U.S. State Department Releases Annual Report on Religious Freedom

The U.S. State Department has issued its annual report on the state of religious freedom internationally. Covering almost 200 countries and territories in some 2,000 pages, the report represents the work of hundreds of fact-finding State Department employees around the world under the supervision of U.S. Ambassador at Large for International Religious Freedom Rashad Hussain. With the stated goal to shed light on the nature, scope, and severity of actions impacting religious freedom through illustrative examples,” the report relies heavily on the perspectives and data provided by those on the ground, including faith leaders, religious organizations, human rights groups, journalists, and others who shared their perspectives and analysis, and who, in the words of Secretary of State Antony J. Blinken, “do the critical work of promoting religious freedom every day in every part of the world.”

State Department
Photo by Mark Van Scyoc/Shutterstock.com

Released on June 2 at the State Department by Secretary Blinken and Ambassador Hussain, the report covers three issues, as outlined by Mr. Hussain: “First, too many governments use discriminatory laws and policies and abuse their own people… Second, rising societal intolerance and hatred are fueling violence and conflict around the world… Third, powerful collaboration among civil society, governments, and multilateral partners has led to some progress and provides hope in addressing these complex challenges.”

While the report shines a light on religious persecution in virtually every corner of the earth, it also shows where progress has been made.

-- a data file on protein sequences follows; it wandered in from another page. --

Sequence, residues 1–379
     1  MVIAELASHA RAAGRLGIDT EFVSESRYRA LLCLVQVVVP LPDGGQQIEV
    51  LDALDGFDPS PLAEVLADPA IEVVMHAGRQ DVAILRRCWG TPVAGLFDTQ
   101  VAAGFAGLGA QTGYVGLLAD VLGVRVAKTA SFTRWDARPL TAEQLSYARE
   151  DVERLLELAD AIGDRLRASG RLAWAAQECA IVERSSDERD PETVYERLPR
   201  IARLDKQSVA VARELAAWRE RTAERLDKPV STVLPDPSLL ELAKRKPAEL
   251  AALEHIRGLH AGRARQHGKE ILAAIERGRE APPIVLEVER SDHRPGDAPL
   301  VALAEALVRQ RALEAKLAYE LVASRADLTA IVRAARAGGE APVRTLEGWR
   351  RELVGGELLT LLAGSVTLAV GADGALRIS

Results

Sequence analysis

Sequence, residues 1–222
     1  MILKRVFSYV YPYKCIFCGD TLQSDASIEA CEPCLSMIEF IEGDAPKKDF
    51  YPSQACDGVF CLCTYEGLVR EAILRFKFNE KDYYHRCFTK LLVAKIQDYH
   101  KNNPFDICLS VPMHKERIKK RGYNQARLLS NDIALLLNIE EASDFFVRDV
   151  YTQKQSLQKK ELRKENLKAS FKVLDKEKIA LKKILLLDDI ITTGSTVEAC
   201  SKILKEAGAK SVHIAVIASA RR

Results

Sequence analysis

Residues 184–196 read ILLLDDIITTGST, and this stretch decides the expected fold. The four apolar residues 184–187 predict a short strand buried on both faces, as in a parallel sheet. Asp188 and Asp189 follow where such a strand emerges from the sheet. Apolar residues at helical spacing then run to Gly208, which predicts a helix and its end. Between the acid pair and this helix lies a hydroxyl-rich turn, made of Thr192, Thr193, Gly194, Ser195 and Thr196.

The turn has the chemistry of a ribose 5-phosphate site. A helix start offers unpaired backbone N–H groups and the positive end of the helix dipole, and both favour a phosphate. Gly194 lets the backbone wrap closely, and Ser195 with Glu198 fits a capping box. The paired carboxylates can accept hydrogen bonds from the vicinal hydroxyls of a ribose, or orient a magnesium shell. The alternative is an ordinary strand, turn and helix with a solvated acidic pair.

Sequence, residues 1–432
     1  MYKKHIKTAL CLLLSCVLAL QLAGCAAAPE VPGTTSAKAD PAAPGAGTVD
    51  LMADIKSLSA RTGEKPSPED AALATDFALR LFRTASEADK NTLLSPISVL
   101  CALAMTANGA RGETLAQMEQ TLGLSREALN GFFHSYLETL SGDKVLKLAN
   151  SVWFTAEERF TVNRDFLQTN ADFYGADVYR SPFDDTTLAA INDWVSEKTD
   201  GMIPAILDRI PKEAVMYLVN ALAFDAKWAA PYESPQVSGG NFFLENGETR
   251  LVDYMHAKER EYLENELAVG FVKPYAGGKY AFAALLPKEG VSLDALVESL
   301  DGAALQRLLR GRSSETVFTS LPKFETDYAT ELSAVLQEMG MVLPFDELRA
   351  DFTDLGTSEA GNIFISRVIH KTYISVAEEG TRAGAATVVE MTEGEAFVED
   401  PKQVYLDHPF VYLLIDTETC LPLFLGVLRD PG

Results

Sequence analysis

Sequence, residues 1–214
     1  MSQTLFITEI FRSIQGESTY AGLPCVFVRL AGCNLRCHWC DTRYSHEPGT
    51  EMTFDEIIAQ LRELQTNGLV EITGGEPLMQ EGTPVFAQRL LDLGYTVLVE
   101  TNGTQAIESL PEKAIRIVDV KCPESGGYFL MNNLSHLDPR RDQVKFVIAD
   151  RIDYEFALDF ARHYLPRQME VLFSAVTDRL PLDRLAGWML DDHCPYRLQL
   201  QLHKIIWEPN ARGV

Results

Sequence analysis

A quick analysis of the report reveals that many governments are failing to respect their citizens’ basic rights. The violations range from the unacceptable—with discrimination against minority religions and overly broad restrictions on expressions of faith like religious attire—to the egregious, with crimes such as forced internment and outright genocide.

By way of example, the State Department determined that Burma’s military committed genocide and crimes against humanity against the predominantly Muslim Rohingya in 2017—destroying places of worship and forcing over 1 million Rohingya to flee the country.

In Eritrea, religious minority groups have been detained, arrested and forced to renounce their faith.

In Saudi Arabia, publicly practicing any faith other than Islam is a crime and the Saudi government condones and promotes discrimination against members of minority religious communities.

The People’s Republic of China (PRC) continues to harass adherents of religions it deems out of line with Chinese Communist Party doctrine. The harassment includes, but is not limited to, the destruction of Buddhist, Christian, Islamic, and Taoist houses of worship. The PRC has also carried out a program of genocide and repression of predominantly Muslim Uyghurs and other religious minority groups, detaining over 1 million Uyghurs, ethnic Kazakhs, Kyrgyz and others in internment camps since April 2017. The PRC has also enacted discriminatory barriers to employment and housing for minorities such as Christians, Muslims, Tibetan Buddhists and practitioners of Falun Gong.